Around the time you sign the lease on your first apartment, things start to get real. You’ve probably just got your first job too, and you’re ready to create a home that feels grown up, with matching dishes instead of paper plates and bookshelves instead of stacked milk boxes. Check out our tips for designing and decorating your first adult home.
If you don’t think your standard edition new apartment has white (or worse, beige) walls, the easiest and cheapest way to upgrade is that colour. Resist the urge to go crazy about color. Instead, go for a neutral color like gray and save your color experiments for accessories like throw pillows.
Another fantastic option is self-adhesive wallpaperespecially if your lease prohibits painting. You can associate wallpaper with a time before cell phones existed, but temporary wallpapers come in every style from traditional to modern and at a variety of prices. Perhaps most importantly, it should be easy to remove and not damage your walls, so you can get your deposit back.
Tip: If you’re on a budget but still want to make an impact, consider painting or wallpapering an accent wall. Before you decide on a background image, you should order a sample. They usually cost $ 10 or less, and if you don’t decide on this pattern, you can always frame and hang it as wall art.
When you move into your first apartment, chances are you’re dealing with a mix of hand-me-down and new furniture. (And the new furniture you are buying is likely not a dream investment; it is acceptable and inexpensive options.) However, that doesn’t mean your space can’t look broken down.
When purchasing new items, try to match a specific profile or finish for your hand-me-down pieces to bring different furniture together. Don’t be afraid to be thrifty; In addition to online classifieds, visit thrift stores, antique stores, and flea markets. And remember: a complete set of matching furniture looks boring anyway.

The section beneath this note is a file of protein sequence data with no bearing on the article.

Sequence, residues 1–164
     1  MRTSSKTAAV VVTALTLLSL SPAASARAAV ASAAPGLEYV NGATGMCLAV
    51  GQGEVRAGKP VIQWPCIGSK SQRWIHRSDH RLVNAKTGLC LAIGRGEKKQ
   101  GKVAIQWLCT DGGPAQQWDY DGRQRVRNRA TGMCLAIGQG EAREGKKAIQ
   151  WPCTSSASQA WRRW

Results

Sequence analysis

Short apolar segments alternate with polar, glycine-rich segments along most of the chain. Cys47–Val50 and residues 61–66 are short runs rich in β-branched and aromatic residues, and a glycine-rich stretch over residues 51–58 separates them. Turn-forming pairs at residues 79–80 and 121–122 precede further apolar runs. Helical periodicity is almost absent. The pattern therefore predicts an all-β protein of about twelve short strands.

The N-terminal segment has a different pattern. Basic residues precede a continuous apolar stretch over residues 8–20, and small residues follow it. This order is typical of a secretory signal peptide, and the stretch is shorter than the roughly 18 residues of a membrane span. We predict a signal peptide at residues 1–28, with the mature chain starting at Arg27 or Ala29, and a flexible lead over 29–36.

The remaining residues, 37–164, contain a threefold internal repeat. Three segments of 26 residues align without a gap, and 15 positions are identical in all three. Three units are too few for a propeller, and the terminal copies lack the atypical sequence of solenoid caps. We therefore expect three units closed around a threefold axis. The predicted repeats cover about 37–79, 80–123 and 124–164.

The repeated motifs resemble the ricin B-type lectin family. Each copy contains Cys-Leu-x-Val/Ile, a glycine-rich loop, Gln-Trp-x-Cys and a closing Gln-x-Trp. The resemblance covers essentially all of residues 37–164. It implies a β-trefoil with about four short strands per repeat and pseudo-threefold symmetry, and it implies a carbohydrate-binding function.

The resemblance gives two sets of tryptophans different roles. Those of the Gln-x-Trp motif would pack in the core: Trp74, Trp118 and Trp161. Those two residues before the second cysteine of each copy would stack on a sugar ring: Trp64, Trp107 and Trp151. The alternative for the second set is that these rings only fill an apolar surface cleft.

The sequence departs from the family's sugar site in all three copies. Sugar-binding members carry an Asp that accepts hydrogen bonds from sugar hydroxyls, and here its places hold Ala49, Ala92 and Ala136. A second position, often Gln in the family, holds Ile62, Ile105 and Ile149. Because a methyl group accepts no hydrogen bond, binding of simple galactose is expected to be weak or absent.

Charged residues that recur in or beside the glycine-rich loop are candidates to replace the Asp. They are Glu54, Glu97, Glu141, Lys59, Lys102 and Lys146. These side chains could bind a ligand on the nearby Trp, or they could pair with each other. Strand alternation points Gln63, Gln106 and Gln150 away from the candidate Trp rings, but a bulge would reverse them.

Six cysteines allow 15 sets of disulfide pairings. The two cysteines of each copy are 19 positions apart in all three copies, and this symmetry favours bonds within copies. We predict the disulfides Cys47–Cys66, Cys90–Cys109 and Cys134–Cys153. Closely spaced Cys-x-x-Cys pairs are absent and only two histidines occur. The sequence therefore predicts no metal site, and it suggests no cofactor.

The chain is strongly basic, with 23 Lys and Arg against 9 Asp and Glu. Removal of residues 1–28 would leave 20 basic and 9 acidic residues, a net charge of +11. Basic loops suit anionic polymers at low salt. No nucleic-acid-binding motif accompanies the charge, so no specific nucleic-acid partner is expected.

Tip: Before you buy a futon, take a moment to reconsider. If you know that you will be visited by guests out of town at least every six months, consider investing in a pull-out sofa for a quality air mattress. Either one is a better option in the long run, and one that you won’t give up on the street or try to sell on Craigslist in a few years.
To instantly add shine to your space and give the feeling that “an adult lives here”, you need carpets. They help define spaces. This is especially useful if you live in a studio or need to divide a room into separate living and dining areas. But they can be quite expensive. So if you can’t afford a thick, soft rug, go for a cheaper flat weave.
Tip: Make sure the carpet is that right size. If you can’t afford one big enough for all of your furniture to sit on, the furniture legs can sit halfway on the carpet. Make sure, that Put a thick carpet pad underneath to prevent the edges from curling up.
At best, your apartment likely came with blinds on the windows (or worse, vertical blinds). Take it one step higher hanging curtains or curtain panels. They beautify the room, filter the light and keep your neighbors from getting to know you a little too well.
In college, hanging art usually consists of pinning a few posters or a tapestry on the wall. But once you’re in your first apartment, it’s time for adult art. That means framing things and preferably not mass posters or reproductions of famous art prints. Instead, opt for original pieces by emerging artists that you discover or through street vendors and art fairs. Sites like ArtStar, Embossed, and 20 × 200 offer original pieces by emerging artists. This is an opportunity to discover your style. So take the time to find pieces you love and don’t feel compelled to fill every wall right away.
The cheapest way to put your apartment together is with accessories. Think of vases, plants, art books, and sculptural objects. Trays lift these items up instantly Style a collection of these pieces on your coffee table to make even the most mundane items look more elegant. You can add space to your personality with accessories. So be aware and thoughtful in your decisions.